What Causes Urinary Retention, and How Is It Treated?

When you have urinary retention, your bladder may still feel full after you urinate. This is because it’s not emptying all the way. You may feel like you still need to go urgently, even after urinating a large volume of liquid.

When this starts Trusted Source happening suddenly and you can’t urinate, it’s called acute urinary retention. If it lasts a long time and you can still urinate but not completely empty your bladder, it’s known as chronic urinary retention.

People can experience urinary retention whether they have a penis or a vagina. However, it’s more common in people with a penis. About 4.5 to 6.8 out of every 1,000 people with a penis are diagnosed with urinary retention each year.

Urinary retention is especially common in people at older ages. After 80 years of age, people with a penis experience a much higher risk.

Read on to learn more about the symptoms of both acute and chronic urinary retention, what can cause it, and how it’s treated.

What are the symptoms?

Symptoms may differ slightly for acute and chronic urinary retention.


Urinary retention that appears suddenly can be Trusted Source dangerous. You may feel like you need to urinate badly, but nothing comes out when you try to urinate.

You can feel extreme pain or discomfort in the lower abdomen if you’re not able to urinate for a long time. This is because your bladder continues to expand and put pressure on the surrounding nerves and tissues.

Seek immediate medical attention if you experience acute urinary retention.


Chronic urinary retention happens when you can urinate but all the urine does not drain from your bladder. Over time, urine leftover in the bladder may build up and expose you to toxins that your body would typically release.

Over time, this chronic condition can also cause complications. It’s important to see a doctor if you start to notice persistent symptoms of chronic urinary retention, such as Trusted Source:

You urinate more than eight times a day and often feel like you have to urinate urgently.

You have some trouble starting to urinate before urine comes out.

When you urinate, the stream of urine is erratic, weak, or stops before you feel finished.

Even after you urinate, you have the urge to go again shortly after.

You regularly urinate a few times during the night.

You have some leakage from your bladder during the day.

You feel like you have the sudden urge to urinate, then feel like you can’t stop peeing once you start. This is known as urge incontinence.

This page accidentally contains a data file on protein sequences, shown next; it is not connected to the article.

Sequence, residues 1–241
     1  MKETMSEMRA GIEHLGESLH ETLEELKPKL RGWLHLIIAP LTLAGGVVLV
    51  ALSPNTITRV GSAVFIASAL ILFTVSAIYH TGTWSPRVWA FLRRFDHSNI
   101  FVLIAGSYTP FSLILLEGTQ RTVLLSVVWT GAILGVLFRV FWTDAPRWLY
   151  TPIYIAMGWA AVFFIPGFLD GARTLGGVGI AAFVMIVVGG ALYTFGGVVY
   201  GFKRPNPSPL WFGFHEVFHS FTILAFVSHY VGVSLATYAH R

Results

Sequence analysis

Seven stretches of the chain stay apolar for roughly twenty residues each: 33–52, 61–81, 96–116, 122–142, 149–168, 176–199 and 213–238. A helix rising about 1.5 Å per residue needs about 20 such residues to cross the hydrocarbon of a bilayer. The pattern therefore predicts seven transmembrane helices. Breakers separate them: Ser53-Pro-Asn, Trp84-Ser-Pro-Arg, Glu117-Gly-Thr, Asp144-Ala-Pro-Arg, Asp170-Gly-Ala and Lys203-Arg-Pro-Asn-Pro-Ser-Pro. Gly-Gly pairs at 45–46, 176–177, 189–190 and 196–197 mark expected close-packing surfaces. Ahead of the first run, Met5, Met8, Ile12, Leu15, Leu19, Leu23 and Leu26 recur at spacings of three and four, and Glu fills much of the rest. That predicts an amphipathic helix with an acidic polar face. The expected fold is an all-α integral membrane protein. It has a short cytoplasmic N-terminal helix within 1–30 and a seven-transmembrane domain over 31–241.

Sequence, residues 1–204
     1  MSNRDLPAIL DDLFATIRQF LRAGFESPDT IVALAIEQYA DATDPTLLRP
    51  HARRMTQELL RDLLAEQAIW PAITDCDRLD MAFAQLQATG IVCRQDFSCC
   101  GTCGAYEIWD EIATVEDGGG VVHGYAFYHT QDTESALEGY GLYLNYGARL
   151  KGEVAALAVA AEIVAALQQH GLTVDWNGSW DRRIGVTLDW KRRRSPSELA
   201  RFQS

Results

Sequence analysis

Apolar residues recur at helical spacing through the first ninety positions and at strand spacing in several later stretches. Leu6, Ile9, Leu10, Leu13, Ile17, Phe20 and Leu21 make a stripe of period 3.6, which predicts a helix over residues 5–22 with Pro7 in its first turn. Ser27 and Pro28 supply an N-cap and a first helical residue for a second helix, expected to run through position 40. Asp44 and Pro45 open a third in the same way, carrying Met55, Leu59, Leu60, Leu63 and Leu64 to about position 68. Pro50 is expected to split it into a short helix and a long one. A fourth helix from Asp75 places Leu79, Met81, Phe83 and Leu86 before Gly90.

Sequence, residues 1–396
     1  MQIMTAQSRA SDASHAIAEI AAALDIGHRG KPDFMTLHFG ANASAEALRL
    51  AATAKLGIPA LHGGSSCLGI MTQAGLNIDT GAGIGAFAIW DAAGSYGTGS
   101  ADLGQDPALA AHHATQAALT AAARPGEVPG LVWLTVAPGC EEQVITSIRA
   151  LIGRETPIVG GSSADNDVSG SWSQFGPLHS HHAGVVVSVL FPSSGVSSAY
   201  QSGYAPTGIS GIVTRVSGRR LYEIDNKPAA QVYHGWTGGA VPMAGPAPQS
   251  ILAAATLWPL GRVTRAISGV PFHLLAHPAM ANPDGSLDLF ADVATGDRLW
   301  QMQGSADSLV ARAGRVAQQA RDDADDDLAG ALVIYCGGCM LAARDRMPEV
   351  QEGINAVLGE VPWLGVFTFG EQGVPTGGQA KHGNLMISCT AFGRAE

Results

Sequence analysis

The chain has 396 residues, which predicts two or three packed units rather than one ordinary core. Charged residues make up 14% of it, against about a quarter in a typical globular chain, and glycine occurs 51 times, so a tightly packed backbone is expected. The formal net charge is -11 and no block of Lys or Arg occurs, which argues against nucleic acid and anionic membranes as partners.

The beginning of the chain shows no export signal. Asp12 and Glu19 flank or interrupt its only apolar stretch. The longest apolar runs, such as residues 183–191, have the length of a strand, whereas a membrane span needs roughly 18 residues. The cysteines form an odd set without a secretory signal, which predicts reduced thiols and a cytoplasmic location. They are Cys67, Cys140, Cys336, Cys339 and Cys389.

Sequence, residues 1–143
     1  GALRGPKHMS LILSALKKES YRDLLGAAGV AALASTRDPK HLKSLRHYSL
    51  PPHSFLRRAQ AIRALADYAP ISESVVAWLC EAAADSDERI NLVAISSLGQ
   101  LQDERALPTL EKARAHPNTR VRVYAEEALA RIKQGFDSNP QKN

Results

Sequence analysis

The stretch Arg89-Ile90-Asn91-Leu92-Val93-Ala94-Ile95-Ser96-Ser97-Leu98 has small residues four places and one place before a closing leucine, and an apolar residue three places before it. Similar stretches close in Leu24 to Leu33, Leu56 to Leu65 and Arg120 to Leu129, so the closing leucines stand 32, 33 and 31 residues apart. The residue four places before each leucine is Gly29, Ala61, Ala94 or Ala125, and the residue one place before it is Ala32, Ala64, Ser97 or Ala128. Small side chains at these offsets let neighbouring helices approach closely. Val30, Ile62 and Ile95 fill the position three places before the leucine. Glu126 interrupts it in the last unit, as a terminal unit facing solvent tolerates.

You’re not always sure if your bladder is full and if you actually have to urinate.

You often feel some discomfort in your hip area or like you still have some fluid in your bladder.

What causes it?

First, it’s helpful to know what’s down there and what exactly happens when you urinate.

Your bladder holds your urine and is part of your lower urinary tract, which also includes Trusted Source your:

Urethra. This is the tube that transports urine from your bladder to outside your body.

Internal sphincter. The internal sphincter is located near where the bladder and urethra meet (known as the bladder outlet). This keeps urine from releasing into the urethra too soon. You can’t control this sphincter.

External sphincter. The external sphincter is located in the urethra to keep urine in and let urine out when you urinate. It opens and closes to control when urine can leave the bladder. You can control this sphincter — it’s the one you use when you try to “hold it.”

Prostate (only in people with a penis). This is a gland that stores some of the fluids in semen. It’s not part of your urination function, but it’s close to the rest of your urinary tract.

Now, here’s what happens when you urinate:

Bladder muscles push urine from the bladder into the urethra.

Nerves signal for your sphincter to let urine be released from your body.

The urine stream stops and starts when you control your external sphincter.

Your urge to urinate goes away once your nerves sense that the bladder is emptied and no longer putting pressure on nearby tissues.

There are several possible causes of urinary retention based on issues that can affect any of these parts or processes.


An obstruction happens when something gets in the way of urine leaving your bladder.

If something suddenly gets in the way and blocks your urine, this causes acute urinary retention. If the obstruction happens slowly over time and still allows some urine out, this results in chronic urinary retention.

Some possible causes of obstructions include Trusted Source:

swelling in the urethra

a constriction of the urethra that makes it hard for urine to come out

an object blocking the urethra

being constipated

stones from the kidney or other part of the urinary tract

a tumor or other mass in the gut or hip area that’s constricting the urinary tract

a clot from blood in the urethra


Some medications can result in urinary retention due to muscle weakness or symptoms affecting your internal sphincter. These medications includeTrusted Source:

pain relievers known as nonsteroidal anti-inflammatory drugs (NSAIDs)

muscle relaxers

urinary incontinence medications


some antidepressants

medication for Parkinson’s disease

some antipsychotics


opioids (such as morphine)

Source: www.healthline.com


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